Group 2

Keita, Sidibé and Fosso

The photographers in this exhibition are some of the leading names in African photography: Seidou Keïta, Malick Sidibé and Samuel Fosso. They represent three different generations in the development of a theme central to African photography: the photographic portrait. Seidou Keïta is one of the portal figures in African photography. He was born in 1923 in Bamako, Mali (then part of French Sudan). He started taking photographs in 1945, learning the profession from Mountaga Kouyaté, an intellectual anti-colonialist. In 1947 he opened his own studio where he worked until his retirement in 1977. Seidou Keïta died in November 2001.

Seidou Keïta’s photographs are characterized by a sense of harmony both in the way they are composed and in the expression of the people portrayed. In recent years Seidou Keïta has achieved international recognition with major exhibitions in Paris and elsewhere as well as being featured on the cover of Art Forum.

Malick Sidibé (born 1936) is also from Mali. During the photo festival in Bamako I visited his studio where he has worked since 1962. Besides his portraits he has photographed life in the city of Bamako: the young people’s parties, street scenes, the beaches.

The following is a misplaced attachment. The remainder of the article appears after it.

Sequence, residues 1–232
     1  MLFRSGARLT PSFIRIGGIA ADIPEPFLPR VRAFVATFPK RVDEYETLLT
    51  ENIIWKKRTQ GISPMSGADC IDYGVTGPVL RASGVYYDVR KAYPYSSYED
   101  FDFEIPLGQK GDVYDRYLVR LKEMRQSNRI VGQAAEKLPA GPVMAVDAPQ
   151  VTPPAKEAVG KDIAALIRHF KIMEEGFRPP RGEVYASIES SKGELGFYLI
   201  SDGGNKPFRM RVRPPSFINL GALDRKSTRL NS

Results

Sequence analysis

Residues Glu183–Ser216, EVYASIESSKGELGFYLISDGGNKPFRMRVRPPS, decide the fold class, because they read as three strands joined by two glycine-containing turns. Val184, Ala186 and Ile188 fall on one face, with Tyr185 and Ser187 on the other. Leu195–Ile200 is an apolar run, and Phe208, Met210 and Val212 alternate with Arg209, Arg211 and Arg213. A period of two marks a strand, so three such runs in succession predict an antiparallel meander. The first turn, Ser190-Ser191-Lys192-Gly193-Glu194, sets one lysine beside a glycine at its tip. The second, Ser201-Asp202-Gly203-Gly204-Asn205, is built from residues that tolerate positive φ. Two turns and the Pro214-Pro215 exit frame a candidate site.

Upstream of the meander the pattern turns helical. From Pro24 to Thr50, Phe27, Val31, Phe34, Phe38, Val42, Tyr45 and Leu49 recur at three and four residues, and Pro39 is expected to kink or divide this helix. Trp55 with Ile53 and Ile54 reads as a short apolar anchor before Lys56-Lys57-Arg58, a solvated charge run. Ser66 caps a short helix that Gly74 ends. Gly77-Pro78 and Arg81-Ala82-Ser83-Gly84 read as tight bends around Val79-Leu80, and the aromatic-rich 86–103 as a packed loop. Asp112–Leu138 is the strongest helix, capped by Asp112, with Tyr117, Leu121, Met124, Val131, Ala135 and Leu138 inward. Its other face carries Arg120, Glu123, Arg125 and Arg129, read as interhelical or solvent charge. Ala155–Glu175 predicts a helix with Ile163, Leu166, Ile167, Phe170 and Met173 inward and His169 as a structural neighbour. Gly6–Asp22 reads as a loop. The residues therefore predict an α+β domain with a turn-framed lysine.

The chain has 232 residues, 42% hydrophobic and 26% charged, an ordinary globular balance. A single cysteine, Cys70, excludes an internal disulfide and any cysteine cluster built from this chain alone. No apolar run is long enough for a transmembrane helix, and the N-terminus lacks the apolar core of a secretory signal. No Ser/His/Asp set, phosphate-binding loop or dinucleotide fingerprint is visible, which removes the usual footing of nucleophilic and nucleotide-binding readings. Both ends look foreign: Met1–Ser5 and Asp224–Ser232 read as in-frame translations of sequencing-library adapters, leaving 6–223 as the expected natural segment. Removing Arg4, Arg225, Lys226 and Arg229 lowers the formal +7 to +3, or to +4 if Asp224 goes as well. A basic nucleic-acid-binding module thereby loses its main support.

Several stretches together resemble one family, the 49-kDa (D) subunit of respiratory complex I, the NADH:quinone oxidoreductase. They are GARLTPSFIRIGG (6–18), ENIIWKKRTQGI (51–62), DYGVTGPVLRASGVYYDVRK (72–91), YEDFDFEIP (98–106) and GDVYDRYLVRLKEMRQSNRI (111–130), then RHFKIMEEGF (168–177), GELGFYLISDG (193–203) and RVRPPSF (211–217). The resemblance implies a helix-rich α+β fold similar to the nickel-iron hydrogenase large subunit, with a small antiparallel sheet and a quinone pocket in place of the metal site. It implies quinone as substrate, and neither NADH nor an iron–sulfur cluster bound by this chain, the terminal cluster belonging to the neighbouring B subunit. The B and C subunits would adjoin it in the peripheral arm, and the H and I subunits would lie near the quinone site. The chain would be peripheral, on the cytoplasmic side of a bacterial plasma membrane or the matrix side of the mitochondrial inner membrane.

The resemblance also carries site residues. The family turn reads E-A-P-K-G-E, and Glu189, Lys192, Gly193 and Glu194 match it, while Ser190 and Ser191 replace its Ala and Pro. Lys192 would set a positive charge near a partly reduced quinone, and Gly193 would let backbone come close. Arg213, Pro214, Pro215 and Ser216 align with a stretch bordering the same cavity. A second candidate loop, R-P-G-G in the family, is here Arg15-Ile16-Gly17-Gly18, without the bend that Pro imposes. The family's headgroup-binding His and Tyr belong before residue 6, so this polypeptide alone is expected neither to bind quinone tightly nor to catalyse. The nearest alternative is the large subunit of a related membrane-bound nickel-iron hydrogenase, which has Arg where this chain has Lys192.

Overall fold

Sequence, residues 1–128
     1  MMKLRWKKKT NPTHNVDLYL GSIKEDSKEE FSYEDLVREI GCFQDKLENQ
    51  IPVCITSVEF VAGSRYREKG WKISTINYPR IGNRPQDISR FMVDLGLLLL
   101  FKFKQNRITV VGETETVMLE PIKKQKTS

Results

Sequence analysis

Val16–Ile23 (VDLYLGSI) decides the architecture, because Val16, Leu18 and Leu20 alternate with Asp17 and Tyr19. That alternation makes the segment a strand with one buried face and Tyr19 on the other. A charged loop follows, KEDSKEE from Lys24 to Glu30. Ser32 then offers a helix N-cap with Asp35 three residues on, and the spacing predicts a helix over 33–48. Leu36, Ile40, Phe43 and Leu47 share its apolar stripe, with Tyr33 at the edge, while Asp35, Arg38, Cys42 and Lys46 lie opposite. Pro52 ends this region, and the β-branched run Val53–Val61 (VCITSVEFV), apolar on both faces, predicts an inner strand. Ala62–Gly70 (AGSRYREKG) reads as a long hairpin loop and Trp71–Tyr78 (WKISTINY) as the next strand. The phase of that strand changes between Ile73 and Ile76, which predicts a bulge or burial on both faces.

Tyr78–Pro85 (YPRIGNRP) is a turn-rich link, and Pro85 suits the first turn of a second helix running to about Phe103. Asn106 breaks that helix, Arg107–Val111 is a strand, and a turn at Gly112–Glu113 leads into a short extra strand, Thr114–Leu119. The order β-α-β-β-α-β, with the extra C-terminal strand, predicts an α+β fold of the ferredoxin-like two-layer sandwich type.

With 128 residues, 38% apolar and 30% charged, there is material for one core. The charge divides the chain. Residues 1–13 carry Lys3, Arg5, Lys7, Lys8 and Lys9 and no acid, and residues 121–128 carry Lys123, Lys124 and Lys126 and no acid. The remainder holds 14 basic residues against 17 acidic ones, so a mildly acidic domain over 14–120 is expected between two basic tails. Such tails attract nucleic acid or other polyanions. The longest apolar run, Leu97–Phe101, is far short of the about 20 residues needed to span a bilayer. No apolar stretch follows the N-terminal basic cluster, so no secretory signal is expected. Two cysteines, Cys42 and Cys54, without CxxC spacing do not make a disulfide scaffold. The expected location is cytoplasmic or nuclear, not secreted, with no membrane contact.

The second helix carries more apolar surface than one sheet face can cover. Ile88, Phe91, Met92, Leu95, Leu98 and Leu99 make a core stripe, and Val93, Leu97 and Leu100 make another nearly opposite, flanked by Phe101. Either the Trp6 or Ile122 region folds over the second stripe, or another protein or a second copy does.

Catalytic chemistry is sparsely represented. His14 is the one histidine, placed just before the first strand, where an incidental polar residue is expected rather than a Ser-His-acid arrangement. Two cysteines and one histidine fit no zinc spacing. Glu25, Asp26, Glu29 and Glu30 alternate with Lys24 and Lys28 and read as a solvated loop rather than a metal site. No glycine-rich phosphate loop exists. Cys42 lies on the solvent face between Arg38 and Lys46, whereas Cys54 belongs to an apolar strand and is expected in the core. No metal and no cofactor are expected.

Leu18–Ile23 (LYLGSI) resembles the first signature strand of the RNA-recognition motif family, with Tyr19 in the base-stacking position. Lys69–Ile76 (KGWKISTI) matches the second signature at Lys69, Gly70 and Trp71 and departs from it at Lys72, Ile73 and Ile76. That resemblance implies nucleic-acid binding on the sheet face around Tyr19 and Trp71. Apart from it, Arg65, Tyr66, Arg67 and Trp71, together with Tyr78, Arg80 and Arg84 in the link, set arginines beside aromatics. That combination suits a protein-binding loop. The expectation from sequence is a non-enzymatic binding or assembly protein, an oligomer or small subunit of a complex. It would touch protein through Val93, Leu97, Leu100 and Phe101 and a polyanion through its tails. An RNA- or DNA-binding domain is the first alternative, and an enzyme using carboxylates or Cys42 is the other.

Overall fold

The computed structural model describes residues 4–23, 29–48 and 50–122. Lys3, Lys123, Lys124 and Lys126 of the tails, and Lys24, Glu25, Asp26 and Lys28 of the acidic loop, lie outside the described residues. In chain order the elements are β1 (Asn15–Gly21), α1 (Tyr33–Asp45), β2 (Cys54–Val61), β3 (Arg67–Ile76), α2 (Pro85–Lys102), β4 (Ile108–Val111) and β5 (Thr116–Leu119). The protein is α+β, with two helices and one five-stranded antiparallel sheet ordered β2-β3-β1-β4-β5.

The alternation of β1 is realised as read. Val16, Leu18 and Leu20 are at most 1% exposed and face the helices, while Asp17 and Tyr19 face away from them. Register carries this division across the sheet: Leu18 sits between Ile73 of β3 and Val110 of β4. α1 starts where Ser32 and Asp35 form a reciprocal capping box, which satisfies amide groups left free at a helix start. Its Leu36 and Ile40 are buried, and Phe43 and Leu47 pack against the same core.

Samuel Fosso (born 1962) comes from a small village in Cameroon but at an early age he moved to Bangui, the capital of the Central African Republic. There he opened his own studio at the age of thirteen. He is best known for his self-portraits with playful, narcissistic role-playing.

There is a further reason for showing these photographs: the images that in Europe we see of Africa are almost always pictures of war and famine. Such images now form most people’s “picture” of Africa. But this is, of course, a highly simplified and stereotype picture which ultimately gives the impression that war and famine are somehow “natural” on the continent of Africa. There is a serious risk that Swedish media-consumers conclude that “this is what it has always looked like and this is what it will continue to look like”. This can lead to a sort of fatalism that fails to look for political and social causes. The exhibition does not intend to deny that war and famine exist but seeks to show that there are brilliant photographers and artists and a life beyond the news stories of catastrophes.

The photographs of Seidou Keïta, Malick Sidibé and Samuel Fosso are also interesting in the way in which they construct identities and break with photographic conventions.

Text: Magnus af Petersens, Curator Moderna Museet

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